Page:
Wednesday, February 20, 2013

Fiction | How Suicide Saved Zeke Cooper

As a Nashville native, I'm a sucker for any book with "Tennessee" in the title. This book's cover image also didn't hurt its chances that I would pick it up.

I grabbed Amy Franklin-Willis' The Lost Saints of Tennessee last year at PLA for both of the reasons listed above. The booth attendant also gave it a glowing recommendation. The story opens with 42-year-old Zeke ready to leave his hometown behind and eventually end his own life. There's a lot we don't know about Zeke, but we see little snippets that indicate there's way more to him—we just have to discover it.

Well, Zeke gets cold feet with the suicide plan, though unfortunately just after he fed his old loyal canine companion enough pills for successful murder-suicide pact—resulting in an emergency visit to the vet to pump pup's stomach. (Don't worry, he survives.) After this brush with death, Zeke decides to escape for a bit and returns some cousins' farm in Virginia that he hasn't visited since living there in college, twenty years earlier.

Here's what we know about Zeke: he's recently divorced, and his wife has remarried; he has two daughters, one of which, at this point, mostly hates him; his brother Carter died in a tragic incident over ten years prior; Carter was Zeke's best friend. All the back story is what we discover as we read. The novel is divided in a handful of parts, alternating between Zeke's perspective and his mother Lillian's perspective. We learn about the experiences and incidents that shaped both of these characters and influenced their decisions—and how those decisions had an affect on each other, often through miscommunications and misunderstandings. The Lost Saints of Tennessee isn't all about being trapped in the past, though; Zeke looks at his past experiences to help him start afresh, accept his life, and rebuild relationships.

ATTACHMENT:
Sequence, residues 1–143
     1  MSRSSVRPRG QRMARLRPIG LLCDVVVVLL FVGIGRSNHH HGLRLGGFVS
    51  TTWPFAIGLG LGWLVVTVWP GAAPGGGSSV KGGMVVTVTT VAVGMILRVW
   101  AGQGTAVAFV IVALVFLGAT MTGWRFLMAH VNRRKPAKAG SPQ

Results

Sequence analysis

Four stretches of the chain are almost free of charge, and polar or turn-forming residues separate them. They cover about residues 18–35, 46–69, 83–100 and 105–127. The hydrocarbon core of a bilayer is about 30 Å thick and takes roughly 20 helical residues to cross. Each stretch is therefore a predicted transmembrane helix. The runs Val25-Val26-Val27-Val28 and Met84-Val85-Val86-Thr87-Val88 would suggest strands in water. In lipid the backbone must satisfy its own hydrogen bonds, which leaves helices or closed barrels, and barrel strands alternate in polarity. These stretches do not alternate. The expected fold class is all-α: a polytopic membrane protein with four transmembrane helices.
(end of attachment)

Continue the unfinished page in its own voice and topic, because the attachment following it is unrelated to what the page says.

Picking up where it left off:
I thought this was a great, uncomplicated read. It deals with some heavy situations, but they're never too bleak or burdensome. Zeke's story is more enjoyable to follow, because it ends up extending beyond just Zeke; his life involves those around him, which is what he eventually discovers gives his own life purpose and meaning. A good read for fans of family stories, characters with a history, and Southern lit. Steady-paced with heavy themes and an uplifting tone.

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